Published by The Ottawa Citizen on June 13, 2013:
OTTAWA — Canada’s former chief librarian and archivist is harshly critical of the deal to have a private company digitize our public documents and photos.
Ian Wilson says it smack of “desperation” by the federal government.
Further, he says the contents of our archives are “a public good” like historic sites and national parks, and shouldn’t be sold back to us.
Library and Archives Canada is already “superb” at preserving documents, he said.
“The key issue is now digitization, and how to get, in a modern era, this material out to Canadians from coast to coast to coast” at all times.
The issue blew up Tuesday, when the Citizen revealed a secret deal in which LAC will provide millions of documents to Canadiana.org. The non-profit company will make digital images and can sell them for 10 years to cover its costs. Originals remain public property.
“My own interpretation of this is it’s a very clear sign of desperation,” Wilson said. “In effect we’re downloading the cost of digitization to the universities,” because Canadiana.org is formed by university libraries across Canada.
“Other countries see this as a national responsibility. England (and) the United States are putting huge amounts of money into digitizing their documentary heritage.”
“We shouldn’t ask our university libraries to fund it. It’s our memory, our recorded memory. It is an online museum. When you go through the record, you get the authentic voice of those who made this country. You get the letters and the diaries … you get the cabinet minutes. You get records that show in their own voice what they were trying to do, and their hopes and achievements. It’s all there.”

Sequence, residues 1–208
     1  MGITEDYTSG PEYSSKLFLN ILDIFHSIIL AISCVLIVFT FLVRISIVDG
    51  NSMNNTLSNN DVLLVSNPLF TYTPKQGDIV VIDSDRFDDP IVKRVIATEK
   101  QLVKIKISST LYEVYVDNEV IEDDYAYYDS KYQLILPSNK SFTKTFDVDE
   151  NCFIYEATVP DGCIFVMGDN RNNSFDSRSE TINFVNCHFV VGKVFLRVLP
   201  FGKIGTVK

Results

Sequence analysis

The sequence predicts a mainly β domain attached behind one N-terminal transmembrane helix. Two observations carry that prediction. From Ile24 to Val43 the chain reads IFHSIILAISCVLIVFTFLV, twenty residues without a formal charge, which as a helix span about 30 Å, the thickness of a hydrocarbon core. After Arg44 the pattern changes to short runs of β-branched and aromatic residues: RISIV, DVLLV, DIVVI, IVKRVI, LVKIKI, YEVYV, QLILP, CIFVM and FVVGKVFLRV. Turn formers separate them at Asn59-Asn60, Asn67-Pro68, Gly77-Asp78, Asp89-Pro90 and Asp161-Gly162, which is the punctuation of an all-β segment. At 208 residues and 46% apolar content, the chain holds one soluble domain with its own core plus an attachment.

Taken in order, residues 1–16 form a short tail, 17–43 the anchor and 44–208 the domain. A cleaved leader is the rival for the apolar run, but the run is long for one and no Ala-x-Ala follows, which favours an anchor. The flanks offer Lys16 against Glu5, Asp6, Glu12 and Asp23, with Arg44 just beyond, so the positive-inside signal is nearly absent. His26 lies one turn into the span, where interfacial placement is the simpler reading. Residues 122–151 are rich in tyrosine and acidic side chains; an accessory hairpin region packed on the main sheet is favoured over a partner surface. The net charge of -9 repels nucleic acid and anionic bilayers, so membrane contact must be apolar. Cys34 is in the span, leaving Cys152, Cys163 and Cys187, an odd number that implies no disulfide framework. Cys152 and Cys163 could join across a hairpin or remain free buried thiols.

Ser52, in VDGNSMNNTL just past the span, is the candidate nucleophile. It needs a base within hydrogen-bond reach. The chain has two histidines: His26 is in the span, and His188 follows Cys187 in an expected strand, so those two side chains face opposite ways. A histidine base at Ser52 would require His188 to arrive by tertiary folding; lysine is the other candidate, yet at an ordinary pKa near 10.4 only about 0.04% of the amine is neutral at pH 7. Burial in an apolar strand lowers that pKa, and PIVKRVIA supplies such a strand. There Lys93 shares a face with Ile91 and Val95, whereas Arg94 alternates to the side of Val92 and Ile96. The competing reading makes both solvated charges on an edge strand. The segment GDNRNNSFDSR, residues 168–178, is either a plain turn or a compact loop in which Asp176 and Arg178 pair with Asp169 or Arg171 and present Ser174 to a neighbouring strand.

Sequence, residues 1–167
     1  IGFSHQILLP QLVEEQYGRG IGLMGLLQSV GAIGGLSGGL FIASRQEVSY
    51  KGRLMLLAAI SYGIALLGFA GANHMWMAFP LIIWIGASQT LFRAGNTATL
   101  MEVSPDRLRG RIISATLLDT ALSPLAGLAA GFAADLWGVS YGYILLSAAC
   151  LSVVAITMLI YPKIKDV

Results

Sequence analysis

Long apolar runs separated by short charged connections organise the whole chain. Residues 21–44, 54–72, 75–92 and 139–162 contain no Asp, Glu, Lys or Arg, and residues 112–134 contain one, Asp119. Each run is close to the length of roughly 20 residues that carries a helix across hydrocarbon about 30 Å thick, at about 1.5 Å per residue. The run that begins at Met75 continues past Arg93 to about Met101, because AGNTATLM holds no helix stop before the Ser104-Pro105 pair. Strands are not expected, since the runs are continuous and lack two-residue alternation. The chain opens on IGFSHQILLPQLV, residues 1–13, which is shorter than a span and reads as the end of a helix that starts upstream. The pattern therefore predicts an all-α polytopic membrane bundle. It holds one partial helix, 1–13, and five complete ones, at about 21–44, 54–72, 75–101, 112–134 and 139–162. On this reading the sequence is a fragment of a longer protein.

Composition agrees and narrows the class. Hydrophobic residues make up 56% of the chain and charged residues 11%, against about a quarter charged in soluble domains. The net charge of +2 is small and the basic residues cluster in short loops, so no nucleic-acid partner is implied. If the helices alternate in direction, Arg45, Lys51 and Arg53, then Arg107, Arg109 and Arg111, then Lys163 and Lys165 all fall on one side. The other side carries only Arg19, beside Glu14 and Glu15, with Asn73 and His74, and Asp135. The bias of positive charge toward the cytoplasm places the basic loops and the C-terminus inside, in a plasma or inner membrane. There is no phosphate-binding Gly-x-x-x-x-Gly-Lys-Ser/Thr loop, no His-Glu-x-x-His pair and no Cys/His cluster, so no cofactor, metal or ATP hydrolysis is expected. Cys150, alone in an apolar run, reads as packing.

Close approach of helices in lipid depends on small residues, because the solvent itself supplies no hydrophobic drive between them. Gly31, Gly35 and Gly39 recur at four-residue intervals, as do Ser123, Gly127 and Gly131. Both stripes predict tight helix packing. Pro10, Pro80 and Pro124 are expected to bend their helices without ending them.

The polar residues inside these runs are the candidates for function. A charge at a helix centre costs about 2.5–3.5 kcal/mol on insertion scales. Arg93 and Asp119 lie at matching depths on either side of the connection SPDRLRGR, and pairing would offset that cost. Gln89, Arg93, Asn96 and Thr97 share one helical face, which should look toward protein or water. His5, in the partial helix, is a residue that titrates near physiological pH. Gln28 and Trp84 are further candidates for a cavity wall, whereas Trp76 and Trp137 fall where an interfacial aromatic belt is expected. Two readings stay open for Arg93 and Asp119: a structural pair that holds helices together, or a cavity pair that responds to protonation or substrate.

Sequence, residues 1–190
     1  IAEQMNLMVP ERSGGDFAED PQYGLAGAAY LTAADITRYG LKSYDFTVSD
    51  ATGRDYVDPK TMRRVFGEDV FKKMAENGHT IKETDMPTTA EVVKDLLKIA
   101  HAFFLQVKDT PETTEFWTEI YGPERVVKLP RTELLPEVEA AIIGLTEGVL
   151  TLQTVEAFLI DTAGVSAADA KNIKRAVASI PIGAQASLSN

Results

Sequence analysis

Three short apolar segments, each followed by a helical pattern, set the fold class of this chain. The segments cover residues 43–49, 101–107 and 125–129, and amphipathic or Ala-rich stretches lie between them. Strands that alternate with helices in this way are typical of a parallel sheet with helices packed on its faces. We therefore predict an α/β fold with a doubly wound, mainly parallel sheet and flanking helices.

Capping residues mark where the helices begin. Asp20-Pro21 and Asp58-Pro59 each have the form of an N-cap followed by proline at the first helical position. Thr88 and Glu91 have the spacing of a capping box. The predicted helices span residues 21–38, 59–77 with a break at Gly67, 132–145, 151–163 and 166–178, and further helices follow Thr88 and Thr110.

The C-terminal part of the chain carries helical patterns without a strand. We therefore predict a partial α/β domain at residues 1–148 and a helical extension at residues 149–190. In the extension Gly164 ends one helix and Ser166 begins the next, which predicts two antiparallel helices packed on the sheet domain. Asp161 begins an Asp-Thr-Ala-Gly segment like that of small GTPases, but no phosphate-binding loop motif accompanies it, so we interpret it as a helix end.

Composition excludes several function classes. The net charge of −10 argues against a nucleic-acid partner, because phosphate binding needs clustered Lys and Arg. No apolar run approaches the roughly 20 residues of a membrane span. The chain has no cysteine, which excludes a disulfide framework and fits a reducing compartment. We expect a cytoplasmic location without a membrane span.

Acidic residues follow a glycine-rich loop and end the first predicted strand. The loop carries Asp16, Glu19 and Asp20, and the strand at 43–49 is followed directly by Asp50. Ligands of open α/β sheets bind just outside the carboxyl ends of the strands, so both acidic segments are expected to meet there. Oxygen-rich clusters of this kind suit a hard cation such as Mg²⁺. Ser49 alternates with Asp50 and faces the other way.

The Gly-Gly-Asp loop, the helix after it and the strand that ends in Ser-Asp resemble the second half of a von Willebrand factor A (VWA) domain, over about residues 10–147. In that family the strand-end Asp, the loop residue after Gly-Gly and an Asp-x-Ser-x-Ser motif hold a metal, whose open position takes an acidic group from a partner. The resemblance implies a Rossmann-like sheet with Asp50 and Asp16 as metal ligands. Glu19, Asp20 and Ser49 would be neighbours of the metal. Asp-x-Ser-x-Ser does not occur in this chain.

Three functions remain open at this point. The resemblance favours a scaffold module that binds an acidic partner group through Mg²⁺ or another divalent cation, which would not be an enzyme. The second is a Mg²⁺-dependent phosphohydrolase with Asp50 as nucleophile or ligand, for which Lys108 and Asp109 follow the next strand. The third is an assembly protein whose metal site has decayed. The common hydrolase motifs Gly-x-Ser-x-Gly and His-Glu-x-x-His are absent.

The mass of material includes “documents and photographs and documentary art and portraits and film.” He calls it “a source of national pride.”
“We have not been able to secure that kind of funding in Canada.”
“We still don’t have online the papers of all our prime ministers,” he said.
“We’ve got John A. Macdonald’s papers online but no Laurier papers, and the Borden and the Bennett (papers) — where are those? Those should be online.”
There should also be personal papers of ordinary people online, Wilson said.
“All of that belongs to the people of Canada. It’s all ours, we are paying to store it, we are paying to preserve it properly.”
“And there’s real demand out there.”
“The key is to have a systematic national program to digitize the key records. Not everything; we couldn’t do it all.”
There are 1.2 million maps in the collection. “Why aren’t those maps available? I think the earliest is (from) 1508. Why isn’t that available online? Other countries are doing it but for some reason we haven’t been able to get the attention and drive for it.”
“Let’s do it once, do it well. It’s the knowledge economy version of a capital project. It’s our intellectual capital and it’s worth getting up there.”
In 2011, the Commons Standing Committee on Canadian Heritage recommended digitizing archival documents and putting them online.
“What Canadiana is proposing is, I think, a very generous way and I think a very creative way” to do what the government is not doing, Wilson said.
But the Canadian Library Association is all for the deal.
“We think it’s fantastic,” said president Pilar Martinez.
She says the government shouldn’t be “downloading” the cost of digitizing onto the libraries. But she also said it’s sometimes necessary for the public to pay for access to things it owns — for instance, to enter a national park.
She said Canadiana.org has been making archival materials available for many years and can be trusted because it’s a non-profit agency.